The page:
A guide is on offer to help volunteer organisations design supportive volunteering roles for people with health and social care needs that may be referred through social prescribing.
7 steps to wellbeing through volunteering: How to link to social prescribing is published by the National Academy for Social Prescribing [NASP] and the Royal Voluntary Service (RVS) as part of the Accelerating Innovation in Social Prescribing programme.
The 7 steps are:
- Meet people where they are
- Make it personal
- Put wellbeing at the heart
- Build circles of support
- Make it social
- Remember it’s a journey
- If you treasure it, measure it
The full guide expands on each point, explaining why it matters and what can be done to ensure these principles are at the heart of any volunteering programme for people who have been socially prescribed. Published on the website alongside the guide, there will also be tools and resources for organisations wanting to learn more or integrate the advice into their programme.
Demonstrating these ideas in action there are also two case studies of people who have been prescribed a voluntary role that has had a positive impact on their health and wellbeing.
The Accelerating Innovation programme is a partnership between The National Academy for Social Prescribing, Royal Voluntary Service and NHS England & Improvement. The programme champions innovative ideas and approaches to social prescribing especially those which address health inequalities and Covid-19 recovery strategies. The aim is to reach more people and transform more lives across the country.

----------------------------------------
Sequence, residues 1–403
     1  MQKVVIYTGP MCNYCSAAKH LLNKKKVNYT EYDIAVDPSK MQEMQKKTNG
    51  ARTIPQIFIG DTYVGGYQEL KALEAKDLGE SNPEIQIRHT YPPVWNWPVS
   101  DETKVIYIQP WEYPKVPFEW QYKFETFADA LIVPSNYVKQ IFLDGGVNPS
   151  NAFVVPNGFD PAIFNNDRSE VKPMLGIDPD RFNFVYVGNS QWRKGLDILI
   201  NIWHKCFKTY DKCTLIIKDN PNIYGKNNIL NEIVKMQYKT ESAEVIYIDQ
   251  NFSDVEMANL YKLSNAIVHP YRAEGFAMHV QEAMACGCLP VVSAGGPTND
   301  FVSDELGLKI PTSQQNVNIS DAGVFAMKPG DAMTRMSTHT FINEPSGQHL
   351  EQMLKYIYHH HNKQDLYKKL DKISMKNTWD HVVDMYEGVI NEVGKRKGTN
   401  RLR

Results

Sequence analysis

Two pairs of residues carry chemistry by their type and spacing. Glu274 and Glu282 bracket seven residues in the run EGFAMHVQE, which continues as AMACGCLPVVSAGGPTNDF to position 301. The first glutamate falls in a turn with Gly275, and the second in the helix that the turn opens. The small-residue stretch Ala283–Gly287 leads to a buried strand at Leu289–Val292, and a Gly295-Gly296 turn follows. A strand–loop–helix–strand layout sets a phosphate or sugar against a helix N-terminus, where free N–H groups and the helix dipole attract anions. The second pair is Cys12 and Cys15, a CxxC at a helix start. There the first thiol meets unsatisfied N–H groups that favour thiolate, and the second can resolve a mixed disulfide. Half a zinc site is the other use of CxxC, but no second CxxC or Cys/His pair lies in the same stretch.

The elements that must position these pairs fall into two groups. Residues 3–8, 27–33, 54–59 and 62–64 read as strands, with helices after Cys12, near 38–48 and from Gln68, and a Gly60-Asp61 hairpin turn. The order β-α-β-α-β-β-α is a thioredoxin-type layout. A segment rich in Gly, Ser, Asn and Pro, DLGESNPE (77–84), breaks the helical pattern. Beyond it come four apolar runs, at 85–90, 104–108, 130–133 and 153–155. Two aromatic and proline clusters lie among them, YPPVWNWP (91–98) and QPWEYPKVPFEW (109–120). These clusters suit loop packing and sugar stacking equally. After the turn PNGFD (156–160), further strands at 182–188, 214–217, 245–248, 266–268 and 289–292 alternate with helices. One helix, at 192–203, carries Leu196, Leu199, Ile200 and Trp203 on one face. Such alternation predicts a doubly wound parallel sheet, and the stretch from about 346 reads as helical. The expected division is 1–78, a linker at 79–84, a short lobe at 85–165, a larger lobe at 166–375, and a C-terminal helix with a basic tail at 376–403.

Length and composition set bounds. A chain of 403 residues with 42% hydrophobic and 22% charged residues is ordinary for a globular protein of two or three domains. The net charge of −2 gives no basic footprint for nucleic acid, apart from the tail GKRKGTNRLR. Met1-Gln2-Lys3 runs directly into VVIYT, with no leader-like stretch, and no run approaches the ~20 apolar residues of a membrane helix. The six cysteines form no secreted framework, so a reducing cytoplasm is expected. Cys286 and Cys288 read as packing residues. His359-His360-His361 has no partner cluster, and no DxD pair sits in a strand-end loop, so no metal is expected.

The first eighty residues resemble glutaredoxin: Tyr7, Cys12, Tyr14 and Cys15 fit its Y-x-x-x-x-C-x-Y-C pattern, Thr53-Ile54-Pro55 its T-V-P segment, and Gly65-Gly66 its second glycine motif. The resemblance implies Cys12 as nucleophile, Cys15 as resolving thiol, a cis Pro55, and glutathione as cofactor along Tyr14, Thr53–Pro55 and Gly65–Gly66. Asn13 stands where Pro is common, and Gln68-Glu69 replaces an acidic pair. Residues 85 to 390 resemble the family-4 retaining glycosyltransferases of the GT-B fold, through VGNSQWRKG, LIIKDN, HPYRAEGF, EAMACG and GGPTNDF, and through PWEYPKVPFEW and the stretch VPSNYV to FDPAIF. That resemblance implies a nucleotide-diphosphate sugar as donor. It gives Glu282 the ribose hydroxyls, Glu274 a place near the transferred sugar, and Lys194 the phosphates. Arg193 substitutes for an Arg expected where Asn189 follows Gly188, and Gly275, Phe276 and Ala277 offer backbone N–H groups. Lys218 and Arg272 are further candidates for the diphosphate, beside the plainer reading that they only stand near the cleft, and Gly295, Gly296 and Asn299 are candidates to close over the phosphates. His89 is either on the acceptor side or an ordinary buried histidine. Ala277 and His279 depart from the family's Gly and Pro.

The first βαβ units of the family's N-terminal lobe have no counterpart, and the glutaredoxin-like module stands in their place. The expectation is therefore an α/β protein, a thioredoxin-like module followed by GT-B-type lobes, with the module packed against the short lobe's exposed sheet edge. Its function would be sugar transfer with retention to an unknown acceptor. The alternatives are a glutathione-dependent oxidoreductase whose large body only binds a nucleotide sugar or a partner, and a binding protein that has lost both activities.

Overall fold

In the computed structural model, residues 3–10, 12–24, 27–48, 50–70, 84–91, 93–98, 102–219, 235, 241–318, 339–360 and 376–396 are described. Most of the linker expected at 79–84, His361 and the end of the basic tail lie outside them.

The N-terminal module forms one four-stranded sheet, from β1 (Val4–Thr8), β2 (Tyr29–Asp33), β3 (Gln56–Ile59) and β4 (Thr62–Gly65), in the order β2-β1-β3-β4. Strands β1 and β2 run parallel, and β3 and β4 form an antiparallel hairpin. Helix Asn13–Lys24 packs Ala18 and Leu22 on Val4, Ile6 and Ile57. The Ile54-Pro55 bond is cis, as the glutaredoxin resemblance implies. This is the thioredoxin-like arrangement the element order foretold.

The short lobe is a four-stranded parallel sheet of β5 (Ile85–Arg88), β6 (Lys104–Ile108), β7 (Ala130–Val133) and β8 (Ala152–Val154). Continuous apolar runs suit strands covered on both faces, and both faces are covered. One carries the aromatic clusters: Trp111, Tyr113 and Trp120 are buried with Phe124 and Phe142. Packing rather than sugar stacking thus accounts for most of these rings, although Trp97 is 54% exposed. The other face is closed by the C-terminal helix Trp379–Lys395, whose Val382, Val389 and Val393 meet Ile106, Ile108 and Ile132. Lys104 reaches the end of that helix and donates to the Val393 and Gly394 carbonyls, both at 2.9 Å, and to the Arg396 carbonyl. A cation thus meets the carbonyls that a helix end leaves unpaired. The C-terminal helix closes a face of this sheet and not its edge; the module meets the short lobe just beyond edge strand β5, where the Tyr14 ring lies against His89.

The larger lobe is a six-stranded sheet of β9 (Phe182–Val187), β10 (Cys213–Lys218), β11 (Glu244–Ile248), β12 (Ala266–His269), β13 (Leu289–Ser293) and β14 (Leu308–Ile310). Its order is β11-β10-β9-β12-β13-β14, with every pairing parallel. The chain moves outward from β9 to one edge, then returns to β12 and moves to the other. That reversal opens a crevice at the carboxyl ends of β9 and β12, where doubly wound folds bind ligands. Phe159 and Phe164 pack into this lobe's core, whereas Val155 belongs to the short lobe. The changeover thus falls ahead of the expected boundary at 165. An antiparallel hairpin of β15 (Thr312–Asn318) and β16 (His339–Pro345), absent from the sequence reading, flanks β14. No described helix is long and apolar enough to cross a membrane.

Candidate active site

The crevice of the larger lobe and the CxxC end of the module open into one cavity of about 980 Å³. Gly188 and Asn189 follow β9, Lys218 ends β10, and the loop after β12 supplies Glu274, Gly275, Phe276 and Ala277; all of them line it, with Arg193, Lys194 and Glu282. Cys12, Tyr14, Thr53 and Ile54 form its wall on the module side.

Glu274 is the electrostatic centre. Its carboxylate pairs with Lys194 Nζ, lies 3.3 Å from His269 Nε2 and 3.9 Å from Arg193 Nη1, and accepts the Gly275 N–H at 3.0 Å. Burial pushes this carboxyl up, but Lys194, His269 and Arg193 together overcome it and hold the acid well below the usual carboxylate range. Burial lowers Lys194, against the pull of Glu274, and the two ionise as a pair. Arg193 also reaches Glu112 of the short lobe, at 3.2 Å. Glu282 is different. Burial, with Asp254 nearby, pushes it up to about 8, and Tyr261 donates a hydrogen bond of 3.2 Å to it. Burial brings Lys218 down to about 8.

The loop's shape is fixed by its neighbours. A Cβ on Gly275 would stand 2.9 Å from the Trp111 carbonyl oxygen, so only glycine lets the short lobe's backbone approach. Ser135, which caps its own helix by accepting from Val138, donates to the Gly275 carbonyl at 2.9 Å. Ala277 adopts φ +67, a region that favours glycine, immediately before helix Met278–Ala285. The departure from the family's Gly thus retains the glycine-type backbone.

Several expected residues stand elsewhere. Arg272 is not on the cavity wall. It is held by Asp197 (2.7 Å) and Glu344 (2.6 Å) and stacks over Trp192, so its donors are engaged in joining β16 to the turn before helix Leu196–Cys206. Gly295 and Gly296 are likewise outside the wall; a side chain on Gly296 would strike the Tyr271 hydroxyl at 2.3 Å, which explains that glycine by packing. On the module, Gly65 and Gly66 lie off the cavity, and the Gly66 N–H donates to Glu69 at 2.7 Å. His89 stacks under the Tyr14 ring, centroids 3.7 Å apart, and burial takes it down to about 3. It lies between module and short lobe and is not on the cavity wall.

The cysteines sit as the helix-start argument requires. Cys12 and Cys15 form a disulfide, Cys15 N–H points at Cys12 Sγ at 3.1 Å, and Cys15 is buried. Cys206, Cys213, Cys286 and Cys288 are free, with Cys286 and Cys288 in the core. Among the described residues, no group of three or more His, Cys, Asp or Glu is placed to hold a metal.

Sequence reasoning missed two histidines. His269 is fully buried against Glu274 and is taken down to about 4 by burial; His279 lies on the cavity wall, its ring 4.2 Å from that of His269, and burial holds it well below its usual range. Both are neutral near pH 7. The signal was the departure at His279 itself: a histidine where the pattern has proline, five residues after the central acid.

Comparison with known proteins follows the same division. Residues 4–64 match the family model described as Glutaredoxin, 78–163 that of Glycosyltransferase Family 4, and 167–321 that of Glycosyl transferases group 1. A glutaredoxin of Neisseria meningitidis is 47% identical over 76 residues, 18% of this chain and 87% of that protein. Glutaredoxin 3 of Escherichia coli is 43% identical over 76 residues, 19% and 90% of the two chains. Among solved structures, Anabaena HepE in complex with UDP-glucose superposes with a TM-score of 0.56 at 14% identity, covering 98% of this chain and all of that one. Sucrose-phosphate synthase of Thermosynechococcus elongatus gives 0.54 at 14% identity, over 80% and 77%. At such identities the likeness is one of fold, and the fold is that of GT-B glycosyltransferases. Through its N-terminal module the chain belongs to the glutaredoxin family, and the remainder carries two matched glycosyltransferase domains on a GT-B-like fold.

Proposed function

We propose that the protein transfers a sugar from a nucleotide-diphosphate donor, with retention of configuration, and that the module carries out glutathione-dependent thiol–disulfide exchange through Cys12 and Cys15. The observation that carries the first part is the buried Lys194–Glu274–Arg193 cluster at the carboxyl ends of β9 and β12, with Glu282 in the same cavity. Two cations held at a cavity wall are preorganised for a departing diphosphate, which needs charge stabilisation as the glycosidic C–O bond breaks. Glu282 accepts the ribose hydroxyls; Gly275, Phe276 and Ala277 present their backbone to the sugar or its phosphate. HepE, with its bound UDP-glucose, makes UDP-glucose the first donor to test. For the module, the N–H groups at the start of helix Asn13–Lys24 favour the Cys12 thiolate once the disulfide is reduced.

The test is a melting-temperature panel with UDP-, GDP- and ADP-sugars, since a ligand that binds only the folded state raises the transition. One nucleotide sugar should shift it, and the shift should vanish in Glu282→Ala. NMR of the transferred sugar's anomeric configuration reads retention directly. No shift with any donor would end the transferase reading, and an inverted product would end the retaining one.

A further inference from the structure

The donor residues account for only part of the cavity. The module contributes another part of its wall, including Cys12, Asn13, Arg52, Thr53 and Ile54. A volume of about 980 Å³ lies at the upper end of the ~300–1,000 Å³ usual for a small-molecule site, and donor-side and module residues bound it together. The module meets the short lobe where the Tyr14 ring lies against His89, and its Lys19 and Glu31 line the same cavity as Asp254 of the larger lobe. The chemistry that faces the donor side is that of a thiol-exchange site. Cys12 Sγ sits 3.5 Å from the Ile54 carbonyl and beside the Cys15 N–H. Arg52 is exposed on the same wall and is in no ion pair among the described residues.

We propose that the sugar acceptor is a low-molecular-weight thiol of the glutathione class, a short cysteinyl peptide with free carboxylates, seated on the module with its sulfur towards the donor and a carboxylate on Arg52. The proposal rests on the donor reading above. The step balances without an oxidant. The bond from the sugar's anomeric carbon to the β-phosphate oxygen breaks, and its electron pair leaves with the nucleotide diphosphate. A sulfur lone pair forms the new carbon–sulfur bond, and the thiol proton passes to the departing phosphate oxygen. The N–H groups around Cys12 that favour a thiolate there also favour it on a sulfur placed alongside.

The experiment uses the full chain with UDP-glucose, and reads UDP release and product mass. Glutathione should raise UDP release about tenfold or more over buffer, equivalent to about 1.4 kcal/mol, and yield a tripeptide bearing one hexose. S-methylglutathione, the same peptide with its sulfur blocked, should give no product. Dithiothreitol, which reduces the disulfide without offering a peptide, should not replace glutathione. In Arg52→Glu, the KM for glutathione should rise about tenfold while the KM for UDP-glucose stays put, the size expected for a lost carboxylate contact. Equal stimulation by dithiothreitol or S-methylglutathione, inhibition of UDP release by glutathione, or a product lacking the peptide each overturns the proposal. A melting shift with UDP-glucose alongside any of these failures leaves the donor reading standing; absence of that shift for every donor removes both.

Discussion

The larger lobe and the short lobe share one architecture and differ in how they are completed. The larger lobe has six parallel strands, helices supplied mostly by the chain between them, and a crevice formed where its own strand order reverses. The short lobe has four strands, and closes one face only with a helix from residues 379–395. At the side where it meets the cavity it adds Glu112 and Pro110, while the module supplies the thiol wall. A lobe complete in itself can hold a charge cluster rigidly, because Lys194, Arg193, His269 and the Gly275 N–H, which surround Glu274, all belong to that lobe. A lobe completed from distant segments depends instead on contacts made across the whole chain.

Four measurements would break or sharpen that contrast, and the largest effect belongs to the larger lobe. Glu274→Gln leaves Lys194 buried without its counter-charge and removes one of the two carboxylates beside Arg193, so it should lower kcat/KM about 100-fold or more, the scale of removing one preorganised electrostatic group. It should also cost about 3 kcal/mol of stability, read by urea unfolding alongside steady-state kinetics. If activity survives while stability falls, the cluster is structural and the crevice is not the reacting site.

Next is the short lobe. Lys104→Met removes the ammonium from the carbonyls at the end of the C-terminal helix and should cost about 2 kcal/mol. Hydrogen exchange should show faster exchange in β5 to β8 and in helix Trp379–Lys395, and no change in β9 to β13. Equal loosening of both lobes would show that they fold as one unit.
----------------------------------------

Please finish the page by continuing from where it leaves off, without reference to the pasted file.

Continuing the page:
Ingrid Abreu Scherer, Head of Accelerating Innovation at NASP, said:
“Charities and community groups are great at providing rich and meaningful volunteering opportunities. This guide helps them think about what else they could do to include volunteers who are referred through social prescribing, to make sure as many people as possible can benefit from the experience.”
Jarina Choudhury, Strategic Volunteering Lead, NCVO, commented:
“I’m delighted that this guide supports good volunteering in social prescribing and that it chimes with many of the Vision for Volunteering’s key themes – in particular, that volunteering should be accessible and welcoming, removing barriers from those who would most benefit.
“The strengths-based approach also reflects the Vision’s desire to see more power in the hands of volunteers, and the emphasis on building circles of support builds on what the Vision says about making collaboration and experimentation in volunteering more mainstream.”